EMPLOYEES: 4,200, including officers; 100 employed here.

FACILITIES: Rents 5,000 sq. ft. in multistory steel building in good condition. Premises neat [i.e., “the best piece of real estate in the world, in the most incredible city in the world”].

LOCATION: Central business district on a main street [i.e., Fifth Avenue].

BRANCHES: Subject operates a casino [he has two and is building a third] in Atlantic City, N.J.

D&B did not specifically address the question of whether Trump has any money or whether it is all spinach. Business Week had ventured $3 billion, seeing Forbes an estimate of $850 million and raising it a couple of billion, but the Business Week estimate appeared before the crash and before the tycoon took a controlling position in Resorts International with its vast sinkhole, the unfinished Taj Mahal casino in Atlantic City. Furthermore, the magazine spoke before the publication of Trump: The Art of the Deal, and the author’s specific guidelines for interpreting Trump, i.e.:

The final key to the way I promote is bravado. I play to people’s fantasies. People may not always think big themselves, but they can still get excited by those who do. That’s why a little hyperbole never hurts. People want to believe that something is the biggest and the greatest and the most spectacular. I call it truthful hyperbole. It’s an innocent form of exaggeration—and a very effective form of promotion.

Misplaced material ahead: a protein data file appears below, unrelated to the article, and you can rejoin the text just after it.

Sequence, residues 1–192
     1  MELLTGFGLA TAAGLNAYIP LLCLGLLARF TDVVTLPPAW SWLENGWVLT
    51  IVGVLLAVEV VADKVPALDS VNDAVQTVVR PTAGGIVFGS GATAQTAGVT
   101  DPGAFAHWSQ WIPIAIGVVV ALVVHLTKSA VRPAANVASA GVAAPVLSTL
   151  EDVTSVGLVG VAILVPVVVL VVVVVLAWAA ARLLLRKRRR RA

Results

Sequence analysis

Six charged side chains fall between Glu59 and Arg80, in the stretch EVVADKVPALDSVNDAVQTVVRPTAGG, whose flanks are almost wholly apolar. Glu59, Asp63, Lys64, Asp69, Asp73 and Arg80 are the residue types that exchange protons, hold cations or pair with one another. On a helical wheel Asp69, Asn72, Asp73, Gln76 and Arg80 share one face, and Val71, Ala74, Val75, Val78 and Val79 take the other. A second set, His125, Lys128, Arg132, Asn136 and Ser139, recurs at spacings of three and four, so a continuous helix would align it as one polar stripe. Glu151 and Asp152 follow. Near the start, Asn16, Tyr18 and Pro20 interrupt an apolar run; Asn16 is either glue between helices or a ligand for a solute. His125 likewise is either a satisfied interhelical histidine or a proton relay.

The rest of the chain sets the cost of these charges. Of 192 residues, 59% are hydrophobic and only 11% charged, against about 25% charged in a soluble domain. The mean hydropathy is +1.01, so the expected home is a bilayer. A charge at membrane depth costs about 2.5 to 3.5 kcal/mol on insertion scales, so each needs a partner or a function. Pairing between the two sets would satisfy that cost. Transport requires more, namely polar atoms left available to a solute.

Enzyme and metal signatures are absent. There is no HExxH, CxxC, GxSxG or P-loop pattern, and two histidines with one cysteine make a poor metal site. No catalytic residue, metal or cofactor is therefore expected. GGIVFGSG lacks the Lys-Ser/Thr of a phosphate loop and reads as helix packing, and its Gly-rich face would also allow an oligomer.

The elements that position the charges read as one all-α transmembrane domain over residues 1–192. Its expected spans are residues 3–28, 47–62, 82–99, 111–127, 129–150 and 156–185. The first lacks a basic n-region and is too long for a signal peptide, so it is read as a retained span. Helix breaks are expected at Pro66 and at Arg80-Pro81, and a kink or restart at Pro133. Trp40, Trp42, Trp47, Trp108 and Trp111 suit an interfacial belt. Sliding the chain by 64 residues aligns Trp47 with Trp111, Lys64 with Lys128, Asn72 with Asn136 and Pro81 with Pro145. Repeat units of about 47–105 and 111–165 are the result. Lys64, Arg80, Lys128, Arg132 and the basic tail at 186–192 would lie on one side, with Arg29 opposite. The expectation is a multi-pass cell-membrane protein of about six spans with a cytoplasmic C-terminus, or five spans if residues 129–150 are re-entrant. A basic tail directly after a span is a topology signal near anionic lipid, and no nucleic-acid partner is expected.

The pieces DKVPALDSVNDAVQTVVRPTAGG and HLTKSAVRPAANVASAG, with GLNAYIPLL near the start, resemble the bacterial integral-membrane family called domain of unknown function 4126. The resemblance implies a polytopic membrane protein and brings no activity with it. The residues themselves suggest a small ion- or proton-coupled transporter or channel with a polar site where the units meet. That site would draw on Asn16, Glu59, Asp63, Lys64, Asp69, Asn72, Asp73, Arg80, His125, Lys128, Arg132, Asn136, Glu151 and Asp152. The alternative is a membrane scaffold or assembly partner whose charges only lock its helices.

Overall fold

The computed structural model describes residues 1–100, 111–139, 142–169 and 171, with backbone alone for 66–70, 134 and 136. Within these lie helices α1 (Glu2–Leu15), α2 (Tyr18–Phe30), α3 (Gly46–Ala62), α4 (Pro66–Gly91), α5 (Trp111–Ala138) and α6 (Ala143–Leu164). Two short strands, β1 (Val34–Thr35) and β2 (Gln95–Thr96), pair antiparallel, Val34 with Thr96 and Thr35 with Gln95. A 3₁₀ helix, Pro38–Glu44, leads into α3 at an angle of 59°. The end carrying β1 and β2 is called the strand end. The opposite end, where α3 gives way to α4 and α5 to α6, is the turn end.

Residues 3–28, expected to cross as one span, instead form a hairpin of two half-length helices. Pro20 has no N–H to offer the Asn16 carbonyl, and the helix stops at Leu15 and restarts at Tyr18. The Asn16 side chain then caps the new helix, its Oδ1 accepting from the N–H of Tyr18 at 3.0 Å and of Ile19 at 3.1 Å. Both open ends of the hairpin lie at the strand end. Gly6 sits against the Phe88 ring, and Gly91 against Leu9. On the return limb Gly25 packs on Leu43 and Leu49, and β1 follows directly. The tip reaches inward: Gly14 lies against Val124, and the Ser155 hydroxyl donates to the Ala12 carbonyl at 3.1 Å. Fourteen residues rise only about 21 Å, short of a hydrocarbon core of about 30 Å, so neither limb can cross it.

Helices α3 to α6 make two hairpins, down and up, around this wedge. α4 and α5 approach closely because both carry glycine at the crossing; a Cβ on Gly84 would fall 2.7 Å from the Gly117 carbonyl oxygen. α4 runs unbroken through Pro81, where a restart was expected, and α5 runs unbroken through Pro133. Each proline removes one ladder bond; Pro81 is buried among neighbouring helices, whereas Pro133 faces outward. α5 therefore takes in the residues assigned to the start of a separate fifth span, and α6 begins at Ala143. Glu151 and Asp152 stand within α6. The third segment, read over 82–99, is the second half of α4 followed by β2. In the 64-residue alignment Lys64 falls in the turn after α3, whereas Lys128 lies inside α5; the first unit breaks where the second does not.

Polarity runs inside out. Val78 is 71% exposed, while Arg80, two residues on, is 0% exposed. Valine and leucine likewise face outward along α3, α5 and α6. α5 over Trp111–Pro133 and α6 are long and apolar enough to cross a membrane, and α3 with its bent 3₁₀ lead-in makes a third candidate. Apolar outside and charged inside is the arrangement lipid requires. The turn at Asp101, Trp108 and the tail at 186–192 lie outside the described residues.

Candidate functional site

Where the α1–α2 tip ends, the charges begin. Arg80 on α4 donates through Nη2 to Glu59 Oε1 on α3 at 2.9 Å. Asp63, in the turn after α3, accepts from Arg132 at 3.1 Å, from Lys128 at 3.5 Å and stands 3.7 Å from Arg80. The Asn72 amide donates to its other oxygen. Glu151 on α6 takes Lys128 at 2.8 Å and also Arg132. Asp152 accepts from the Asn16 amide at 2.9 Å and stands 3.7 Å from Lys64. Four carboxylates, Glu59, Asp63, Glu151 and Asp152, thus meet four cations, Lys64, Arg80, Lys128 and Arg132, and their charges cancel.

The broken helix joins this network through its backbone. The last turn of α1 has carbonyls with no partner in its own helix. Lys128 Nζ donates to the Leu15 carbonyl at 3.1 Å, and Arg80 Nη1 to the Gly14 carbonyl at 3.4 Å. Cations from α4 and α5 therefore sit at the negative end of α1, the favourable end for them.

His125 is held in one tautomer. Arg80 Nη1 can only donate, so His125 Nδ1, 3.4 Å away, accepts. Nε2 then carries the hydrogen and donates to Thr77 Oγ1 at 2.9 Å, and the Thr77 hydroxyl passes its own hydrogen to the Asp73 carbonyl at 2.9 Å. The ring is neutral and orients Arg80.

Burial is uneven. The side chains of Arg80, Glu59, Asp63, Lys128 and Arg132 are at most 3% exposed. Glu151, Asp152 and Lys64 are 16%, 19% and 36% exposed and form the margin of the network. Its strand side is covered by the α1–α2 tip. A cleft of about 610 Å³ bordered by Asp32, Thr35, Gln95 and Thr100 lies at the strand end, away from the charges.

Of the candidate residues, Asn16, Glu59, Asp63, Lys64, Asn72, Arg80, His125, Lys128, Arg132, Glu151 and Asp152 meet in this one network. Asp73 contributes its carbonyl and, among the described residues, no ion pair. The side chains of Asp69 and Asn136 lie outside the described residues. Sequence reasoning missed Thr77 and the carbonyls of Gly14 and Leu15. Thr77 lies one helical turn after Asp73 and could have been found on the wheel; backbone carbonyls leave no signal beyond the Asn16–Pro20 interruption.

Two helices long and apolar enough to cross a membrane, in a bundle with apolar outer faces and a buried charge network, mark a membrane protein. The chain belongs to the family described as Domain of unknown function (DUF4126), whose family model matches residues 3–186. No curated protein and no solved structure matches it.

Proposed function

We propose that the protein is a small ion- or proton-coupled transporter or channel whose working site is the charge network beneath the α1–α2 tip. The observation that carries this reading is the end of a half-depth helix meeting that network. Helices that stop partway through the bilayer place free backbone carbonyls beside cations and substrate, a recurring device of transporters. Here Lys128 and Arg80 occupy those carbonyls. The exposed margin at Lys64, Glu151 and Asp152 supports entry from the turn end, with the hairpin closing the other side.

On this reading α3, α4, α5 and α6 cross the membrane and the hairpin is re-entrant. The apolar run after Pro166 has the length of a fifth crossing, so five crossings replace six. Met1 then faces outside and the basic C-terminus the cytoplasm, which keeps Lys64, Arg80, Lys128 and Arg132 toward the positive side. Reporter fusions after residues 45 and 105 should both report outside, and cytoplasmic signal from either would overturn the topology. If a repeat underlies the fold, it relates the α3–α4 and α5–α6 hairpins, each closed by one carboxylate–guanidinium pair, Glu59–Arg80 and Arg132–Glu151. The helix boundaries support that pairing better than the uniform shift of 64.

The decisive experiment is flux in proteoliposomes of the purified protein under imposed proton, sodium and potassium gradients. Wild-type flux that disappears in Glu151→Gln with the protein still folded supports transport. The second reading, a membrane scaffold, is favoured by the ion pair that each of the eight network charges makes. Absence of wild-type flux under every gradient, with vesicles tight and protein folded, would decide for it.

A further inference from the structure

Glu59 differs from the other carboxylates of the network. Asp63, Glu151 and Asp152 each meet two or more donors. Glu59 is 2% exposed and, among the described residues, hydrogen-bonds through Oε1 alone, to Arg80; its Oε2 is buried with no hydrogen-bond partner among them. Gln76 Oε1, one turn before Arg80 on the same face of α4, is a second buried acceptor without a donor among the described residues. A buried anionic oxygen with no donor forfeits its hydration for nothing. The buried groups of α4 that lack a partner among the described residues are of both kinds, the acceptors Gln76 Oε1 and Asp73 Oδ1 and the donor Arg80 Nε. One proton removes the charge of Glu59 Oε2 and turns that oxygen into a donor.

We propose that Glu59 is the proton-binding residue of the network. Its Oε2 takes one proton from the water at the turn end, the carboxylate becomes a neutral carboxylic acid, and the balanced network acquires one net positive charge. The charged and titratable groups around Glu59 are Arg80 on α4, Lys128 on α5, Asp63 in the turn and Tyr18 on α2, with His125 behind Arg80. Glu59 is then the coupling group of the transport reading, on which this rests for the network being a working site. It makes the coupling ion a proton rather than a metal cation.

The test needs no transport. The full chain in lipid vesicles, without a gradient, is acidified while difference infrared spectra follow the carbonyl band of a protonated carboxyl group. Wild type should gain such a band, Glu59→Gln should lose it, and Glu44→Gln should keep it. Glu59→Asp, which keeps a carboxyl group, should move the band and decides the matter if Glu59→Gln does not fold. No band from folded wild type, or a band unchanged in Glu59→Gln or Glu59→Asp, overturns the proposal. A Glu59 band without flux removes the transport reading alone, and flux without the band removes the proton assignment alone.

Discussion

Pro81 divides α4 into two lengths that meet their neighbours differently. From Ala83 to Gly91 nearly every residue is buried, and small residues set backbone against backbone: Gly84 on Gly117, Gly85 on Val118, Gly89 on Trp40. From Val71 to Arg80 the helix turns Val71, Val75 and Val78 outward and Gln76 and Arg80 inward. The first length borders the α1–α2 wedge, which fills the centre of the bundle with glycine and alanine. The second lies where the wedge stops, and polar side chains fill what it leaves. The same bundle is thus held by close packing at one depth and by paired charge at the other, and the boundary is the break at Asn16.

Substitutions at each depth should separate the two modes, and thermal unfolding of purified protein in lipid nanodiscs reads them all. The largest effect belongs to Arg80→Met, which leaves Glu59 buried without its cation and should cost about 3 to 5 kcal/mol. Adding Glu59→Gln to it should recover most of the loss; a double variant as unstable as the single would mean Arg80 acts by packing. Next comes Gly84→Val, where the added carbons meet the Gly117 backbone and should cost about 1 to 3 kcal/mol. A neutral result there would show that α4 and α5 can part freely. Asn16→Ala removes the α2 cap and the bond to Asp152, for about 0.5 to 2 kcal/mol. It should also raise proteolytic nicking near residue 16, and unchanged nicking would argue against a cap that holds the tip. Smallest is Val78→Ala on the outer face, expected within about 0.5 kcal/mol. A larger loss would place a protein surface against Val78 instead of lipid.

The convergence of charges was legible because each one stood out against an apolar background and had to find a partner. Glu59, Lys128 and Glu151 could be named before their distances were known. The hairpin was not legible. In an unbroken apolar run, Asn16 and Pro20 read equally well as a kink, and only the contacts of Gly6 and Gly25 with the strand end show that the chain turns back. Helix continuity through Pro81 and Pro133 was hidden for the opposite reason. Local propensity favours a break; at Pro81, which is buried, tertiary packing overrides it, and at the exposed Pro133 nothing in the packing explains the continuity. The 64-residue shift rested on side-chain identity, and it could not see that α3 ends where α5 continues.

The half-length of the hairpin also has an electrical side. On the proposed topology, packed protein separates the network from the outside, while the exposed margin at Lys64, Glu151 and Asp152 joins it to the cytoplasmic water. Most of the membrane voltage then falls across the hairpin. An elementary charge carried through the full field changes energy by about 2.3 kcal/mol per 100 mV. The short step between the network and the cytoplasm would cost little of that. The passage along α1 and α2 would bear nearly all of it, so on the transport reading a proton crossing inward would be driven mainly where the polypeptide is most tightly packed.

Sell Donald Trump

Maybe he was only exaggerating, but Trump divulged that $320 million seemed like a lot of money to him as recently as 1985. That was the year he purchased Hilton’s Atlantic City hotel, which, he says, was the biggest bet of his life. He borrowed the money from Manufacturers Hanover, incidentally —got the president on the phone and got the money “just like that. It goes to show you the value of credibility. In return, I did something I’d never done before. I personally guaranteed the loan.”